What tradition or other general characteristic of academia would you like to see eliminated completely?
According to the rules, which I just invented, the things to be eliminated have to be of a general nature. So, for example, the answer “my department chair” or “my university’s moronic president” are unacceptable unless you want to eliminate the general concept of department chairs or university presidents.
The candidates for disposal can be anything to do with academia, from the most momentous of traditions (tenure) to the most bizarre but inconsequential (academic gowns).
It actually took me a little while to think of a candidate for elimination, but once I did, it really grabbed my viscera. (Actually, technically, what I want to eliminate may be two distinct general characteristics of academia, but at their root they’re so closely related that I think they ought to get the heave-ho together.)
The pretense that the distinction between tenure track professors and “temporary” lecturers is based on anything deeper than economics.
The idea that tenure should require dazzling excellence at research, teaching, and service.
First, the tenure track versus temporary faculty issue.
I work in a university system where a very large number of lecturers are employed. They teach a significant portion of the courses offered, and a disproportionate number of the General Education courses students are required to take to graduate. Many have very large classes and no teaching assistants or graders (even in economic times less rocky than these). A significant number have Ph.D.s (or the corresponding terminal degrees in their disciplines). They are wicked-smart, and many have awesome pedagogical powers.
Despite the fact that they are classified as “temporary” workers, many have been teaching here for decades. But, on account of that temporary designation, they can essentially be laid off (not given any courses to teach for a given semester) without it counting as a lay-off.
Some may say, “But the lecturers are not in the same league as the regular faculty, since they are not expected to do research or serve on committees!” It is true that research is not a required part of the lecturer’s job, but many lecturers do research — and very good research — nonetheless. Indeed, they do it despite teaching loads that would make regular faculty cry. Of the lecturers I know who don’t have a lot of research going, most are “freeway flyers,” commuting between multiple campuses where they teach courses in order to make something approximating a living wage.
In other words, if lecturers were required to do research and given the compensated time in their schedules to do it, there is every indication that many of them would do very well at it.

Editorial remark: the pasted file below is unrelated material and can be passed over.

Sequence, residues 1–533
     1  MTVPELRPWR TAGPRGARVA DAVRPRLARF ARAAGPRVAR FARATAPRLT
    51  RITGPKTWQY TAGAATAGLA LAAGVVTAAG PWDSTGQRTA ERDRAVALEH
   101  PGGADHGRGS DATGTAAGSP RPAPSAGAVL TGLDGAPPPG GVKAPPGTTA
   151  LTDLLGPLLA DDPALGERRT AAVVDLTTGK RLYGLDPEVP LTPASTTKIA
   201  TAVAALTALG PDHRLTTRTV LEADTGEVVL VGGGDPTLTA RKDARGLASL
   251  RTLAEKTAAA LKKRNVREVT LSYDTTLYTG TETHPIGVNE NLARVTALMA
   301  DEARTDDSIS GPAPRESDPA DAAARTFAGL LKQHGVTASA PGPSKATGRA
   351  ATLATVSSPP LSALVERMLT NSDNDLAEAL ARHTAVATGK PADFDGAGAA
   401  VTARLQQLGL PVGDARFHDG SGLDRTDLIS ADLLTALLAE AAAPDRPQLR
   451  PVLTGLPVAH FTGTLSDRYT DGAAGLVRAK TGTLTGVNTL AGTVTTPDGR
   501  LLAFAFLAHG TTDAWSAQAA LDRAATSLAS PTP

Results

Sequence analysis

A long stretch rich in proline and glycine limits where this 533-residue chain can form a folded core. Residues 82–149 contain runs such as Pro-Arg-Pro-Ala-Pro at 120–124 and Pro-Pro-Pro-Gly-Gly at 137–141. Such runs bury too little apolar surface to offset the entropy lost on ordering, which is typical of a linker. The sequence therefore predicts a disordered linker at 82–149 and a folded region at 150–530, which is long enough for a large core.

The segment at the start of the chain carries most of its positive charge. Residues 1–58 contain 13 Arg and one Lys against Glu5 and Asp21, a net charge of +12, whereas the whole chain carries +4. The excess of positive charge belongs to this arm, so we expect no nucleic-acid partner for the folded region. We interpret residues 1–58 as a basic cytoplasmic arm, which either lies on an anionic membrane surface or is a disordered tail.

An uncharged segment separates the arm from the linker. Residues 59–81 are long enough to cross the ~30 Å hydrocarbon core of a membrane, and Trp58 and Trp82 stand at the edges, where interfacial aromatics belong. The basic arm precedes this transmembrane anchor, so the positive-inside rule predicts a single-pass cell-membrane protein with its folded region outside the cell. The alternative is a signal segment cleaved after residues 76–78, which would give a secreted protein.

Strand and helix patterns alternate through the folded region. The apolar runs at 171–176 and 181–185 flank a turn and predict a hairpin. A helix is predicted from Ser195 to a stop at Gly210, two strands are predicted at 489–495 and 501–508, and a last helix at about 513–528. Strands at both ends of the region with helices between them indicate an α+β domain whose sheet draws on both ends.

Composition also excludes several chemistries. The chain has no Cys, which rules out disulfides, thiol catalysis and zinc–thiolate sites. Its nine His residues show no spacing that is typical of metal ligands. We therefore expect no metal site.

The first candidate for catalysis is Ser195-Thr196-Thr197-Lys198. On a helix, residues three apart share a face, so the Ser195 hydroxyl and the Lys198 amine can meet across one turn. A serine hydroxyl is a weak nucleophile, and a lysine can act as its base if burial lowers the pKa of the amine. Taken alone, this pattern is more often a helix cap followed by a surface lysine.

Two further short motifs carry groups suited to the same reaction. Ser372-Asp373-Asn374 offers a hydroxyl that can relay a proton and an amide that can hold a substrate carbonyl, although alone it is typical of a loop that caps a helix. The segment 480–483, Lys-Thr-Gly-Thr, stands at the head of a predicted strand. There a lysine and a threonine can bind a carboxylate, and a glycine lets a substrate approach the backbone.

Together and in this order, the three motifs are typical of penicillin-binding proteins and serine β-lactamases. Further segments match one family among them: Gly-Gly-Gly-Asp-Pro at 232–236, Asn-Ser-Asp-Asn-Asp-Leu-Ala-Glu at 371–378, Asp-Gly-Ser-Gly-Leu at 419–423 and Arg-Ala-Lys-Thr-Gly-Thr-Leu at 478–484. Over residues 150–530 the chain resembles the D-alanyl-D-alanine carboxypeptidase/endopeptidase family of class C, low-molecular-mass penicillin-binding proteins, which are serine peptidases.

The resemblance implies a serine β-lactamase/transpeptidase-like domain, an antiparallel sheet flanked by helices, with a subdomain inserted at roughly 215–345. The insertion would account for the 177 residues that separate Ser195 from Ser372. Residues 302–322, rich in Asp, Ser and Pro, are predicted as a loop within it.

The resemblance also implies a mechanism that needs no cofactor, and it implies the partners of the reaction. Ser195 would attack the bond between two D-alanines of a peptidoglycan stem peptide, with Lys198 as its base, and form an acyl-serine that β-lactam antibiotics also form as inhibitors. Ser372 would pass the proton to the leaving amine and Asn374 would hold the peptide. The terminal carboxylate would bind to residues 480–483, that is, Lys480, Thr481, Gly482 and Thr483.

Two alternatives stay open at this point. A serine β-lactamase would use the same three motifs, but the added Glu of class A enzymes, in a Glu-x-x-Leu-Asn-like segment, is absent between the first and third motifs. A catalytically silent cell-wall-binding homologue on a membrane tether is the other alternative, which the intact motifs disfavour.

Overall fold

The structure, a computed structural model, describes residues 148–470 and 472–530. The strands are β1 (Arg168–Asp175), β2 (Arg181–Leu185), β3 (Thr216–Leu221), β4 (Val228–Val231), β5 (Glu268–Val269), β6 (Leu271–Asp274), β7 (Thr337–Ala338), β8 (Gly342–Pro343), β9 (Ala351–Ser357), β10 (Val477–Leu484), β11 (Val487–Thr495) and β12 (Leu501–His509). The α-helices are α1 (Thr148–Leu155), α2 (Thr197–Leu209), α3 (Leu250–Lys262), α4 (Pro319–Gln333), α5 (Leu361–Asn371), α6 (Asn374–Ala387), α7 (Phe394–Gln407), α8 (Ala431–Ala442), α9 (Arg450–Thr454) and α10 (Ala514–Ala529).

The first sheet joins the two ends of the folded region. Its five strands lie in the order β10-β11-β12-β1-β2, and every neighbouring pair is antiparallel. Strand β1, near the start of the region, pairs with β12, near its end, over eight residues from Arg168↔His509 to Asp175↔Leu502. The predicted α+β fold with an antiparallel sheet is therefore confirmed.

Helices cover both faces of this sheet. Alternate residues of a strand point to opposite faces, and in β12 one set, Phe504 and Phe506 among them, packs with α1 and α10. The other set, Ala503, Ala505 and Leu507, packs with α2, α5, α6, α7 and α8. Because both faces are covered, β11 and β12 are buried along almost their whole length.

As far as the committee service, the facts on the ground here are that many lecturers serve on committees at the level of departments, colleges, and the university.
So, let’s just call it like it is: On account of an excess of qualified folks on the market, universities have been able to hire a good proportion of those qualified folks on the cheap, and to do it in a way that affords them relatively little job security. To teach the number of students universities have wanted to teach, universities have opted to swell the ranks of less expensive labor. They’ve counted on the fact that people who work for a terminal degree, who are passionate about their fields, and who are passionate about reaching, will often prefer a crappy academic job over a job in a completely unrelated field.
The economic conditions that swelled the ranks of lecturers are not a sign that the tenured and tenure track faculty are objectively better or smarter than their colleagues who are lecturers. In many cases, they are just luckier. Let’s be honest about that.
And while we’re at it, let’s be honest about the fact that those lucky enough to land those tenure track jobs are not all renaissance men and women, who can simultaneously win awards for their research and teaching and service while being shown off to potential donors.
Some people are whiz-bang at research and merely adequate in the classroom. Other people are amazing teachers whose research accomplishments are solid but not earthshaking. Many people with serious teaching and research prowess feel nothing so much as the urge to drive sharpened pencils through their eye-sockets and into their brains when faced with the prospect of sitting on a committee.
We all have different skills and different interests. Would it be so wrong to let faculty specialize? Why not designate some tenure track slots as teaching-focused, others as research-focused, still others as service-focused, and then put together the right combination of those to get the work of the department, the college, and the university done? (For those of you inclined to object to service-focused tracks for faculty evaluation, don’t forget that the payoff might be never having to be on a committee again unless you wanted to or could be persuaded that serving on that committee served your interests.)
My hunch is that recognition that not all tenured folk are really as well-rounded as the tenure requirements would lead us to suspect gets us further down the path to accepting that lecturers are mostly different from regular faculty by virtue of the degree of their economic exploitation.